Looking to train for an Obstacle Course Run, scared what Tough Mudder has in store for you? With the right training and the confidence you can take on nearly any Obstacle Course that is set out in front of you.

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The physicality required to navigate the course mimics the functional, whole-body movements made by our ancestors thousands of years ago: natural movements such as running, balancing, crawling, jumping, climbing, and carrying. Obstacle-course racing is the perfect marriage of strength and endurance in a competition. In addition, you need explosive power, stability, and stamina.
For this reason, a good training program should focus on these elements:
  • Improving core strength and mobility
  • Building strength and stability across the hips, midsection, and shoulders
  • Developing explosive movements, such as jumping and leaping
  • Increasing endurance
  • Creating seamless transitions between obstacles
Your goal should be the ability to launch yourself over a wall and, in one fluid motion, start running again
You’ll need somewhere to run or a treadmill if in a gym, a set of monkey bars or a bar to hang off, a park bench or gym bench, a makeshift balance beam and a box to jump on.
Start with dynamic warm-up stretches, then repeat the sequence of exercises below until you reach 40 minutes.
Warm-Up
Glute Bridges
1. Lie on your back with your knees bent 90 degrees and your feet flat on the floor, toes pointed forward.
2. Press your heels into the ground, squeeze your glutes, and raise your hips as high as possible. Only your shoulders and feet should remain on the ground. Hold for two seconds.
3. Lower your hips toward the floor without touching it.
4. Repeat 12 times.
Walk-outs
1. Stand with your feet shoulder-width apart and knees softly bent. Bend over to place your hands on the ground, directly in front of your toes, keeping your legs as straight as possible.
2. Keeping your legs straight and your belly button drawn in, walk your hands forward into a plank position, with your hands directly below your shoulders. Hold for two seconds.
3. Walk your hands back to your toes and slowly rise to standing.
4. Repeat six times.
Side Lunge
1. Stand with your feet shoulder-width apart and toes facing forward. Take a wide step to the right keeping your toes pointed straight and your feet flat.
2. Keeping your left leg straight, push your right hip back and lower into a squat on your right side. Keep your right foot, knee, and hip aligned and your weight in the heel of your right foot. Pause for two seconds.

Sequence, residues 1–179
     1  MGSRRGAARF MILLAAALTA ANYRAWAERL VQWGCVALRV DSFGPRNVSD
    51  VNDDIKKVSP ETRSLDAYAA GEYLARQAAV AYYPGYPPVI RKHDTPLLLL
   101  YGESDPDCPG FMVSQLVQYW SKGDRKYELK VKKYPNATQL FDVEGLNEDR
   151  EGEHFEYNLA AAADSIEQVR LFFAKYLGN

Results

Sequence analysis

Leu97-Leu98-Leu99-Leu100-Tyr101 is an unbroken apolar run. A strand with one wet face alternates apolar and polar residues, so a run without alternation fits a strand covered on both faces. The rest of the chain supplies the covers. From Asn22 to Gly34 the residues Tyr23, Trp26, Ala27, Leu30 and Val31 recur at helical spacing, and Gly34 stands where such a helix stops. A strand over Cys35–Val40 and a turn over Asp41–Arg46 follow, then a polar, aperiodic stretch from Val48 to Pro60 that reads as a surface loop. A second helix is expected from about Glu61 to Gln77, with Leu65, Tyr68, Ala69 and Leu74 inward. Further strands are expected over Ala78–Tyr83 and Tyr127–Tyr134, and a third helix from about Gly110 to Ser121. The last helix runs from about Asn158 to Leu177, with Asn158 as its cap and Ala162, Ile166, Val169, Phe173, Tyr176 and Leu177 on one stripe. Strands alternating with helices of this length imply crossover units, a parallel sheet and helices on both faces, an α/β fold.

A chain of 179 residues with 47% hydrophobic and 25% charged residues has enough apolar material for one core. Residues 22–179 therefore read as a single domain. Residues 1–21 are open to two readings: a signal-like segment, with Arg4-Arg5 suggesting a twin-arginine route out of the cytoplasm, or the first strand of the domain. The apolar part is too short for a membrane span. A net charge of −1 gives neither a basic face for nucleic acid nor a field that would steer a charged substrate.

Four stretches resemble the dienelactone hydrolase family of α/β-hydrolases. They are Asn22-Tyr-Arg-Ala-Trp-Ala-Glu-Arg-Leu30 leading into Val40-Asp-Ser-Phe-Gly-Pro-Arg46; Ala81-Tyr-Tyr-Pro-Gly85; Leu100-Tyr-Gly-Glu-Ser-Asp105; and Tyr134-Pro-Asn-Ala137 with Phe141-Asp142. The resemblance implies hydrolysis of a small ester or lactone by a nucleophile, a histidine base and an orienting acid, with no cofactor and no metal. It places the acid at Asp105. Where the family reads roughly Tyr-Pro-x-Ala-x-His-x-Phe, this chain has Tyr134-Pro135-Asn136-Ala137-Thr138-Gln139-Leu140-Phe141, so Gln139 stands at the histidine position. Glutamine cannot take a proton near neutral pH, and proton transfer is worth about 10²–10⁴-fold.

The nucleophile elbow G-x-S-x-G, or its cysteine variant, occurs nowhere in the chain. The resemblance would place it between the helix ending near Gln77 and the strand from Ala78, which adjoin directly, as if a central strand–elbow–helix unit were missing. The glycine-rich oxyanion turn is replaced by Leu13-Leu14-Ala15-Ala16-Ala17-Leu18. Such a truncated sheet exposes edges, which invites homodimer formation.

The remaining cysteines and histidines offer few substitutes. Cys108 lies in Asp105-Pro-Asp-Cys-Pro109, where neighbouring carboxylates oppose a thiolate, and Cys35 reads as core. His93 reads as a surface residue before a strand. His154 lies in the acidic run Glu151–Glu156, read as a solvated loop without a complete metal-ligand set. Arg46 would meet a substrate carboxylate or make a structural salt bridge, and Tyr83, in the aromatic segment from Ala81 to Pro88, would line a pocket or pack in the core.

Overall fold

3. Push off your right foot to return to the starting position.
4. Repeat 12 times. Then switch sides.

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Backward Lunge with twist
1. Stand with your feet shoulder-width apart and toes facing forward. Step your right foot backward into a lunge.
2. Arch your back slightly while twisting your torso to the left and while reaching your right hand up.
3. Push off your left foot to return to standing.
4. Alternate sides for a total of 12 repetitions on each side.
The Workout
Run 400 metres
Jumping Squats
Develops explosive power for leaping up and over obstacles.
1. Stand with feet at shoulder width. Squat by pushing your hips back and bending your knees so that your thighs are parallel to the ground. At the same time, swing your arms backward.
2. Jump vertically by extending your ankles, knees, and hips in a straight line, while swinging your arms forward and upward. Reach as high as possible, as if trying to block a volleyball.
3Land on your forefeet, then heels, with knees bent.
4. Repeat 20 times.
Note: Once you start getting more confident try jumping onto a box and gradually increasing the height of the box.
Burpees
Builds full-body strength, power, and endurance. 
1. Start in a squat position and place your hands on the ground. Jump your feet back into a plank position. Keep your core engaged and avoid arching your back.
2. Perform a pushup.
3. Jump your feet forward toward your hands to return to a squat position. Immediately jump as high as you can while swinging your arms over your head.
4. Repeat 10 times
Run 400 metres
Monkey Bars Or Dead-Hangs with Hand Release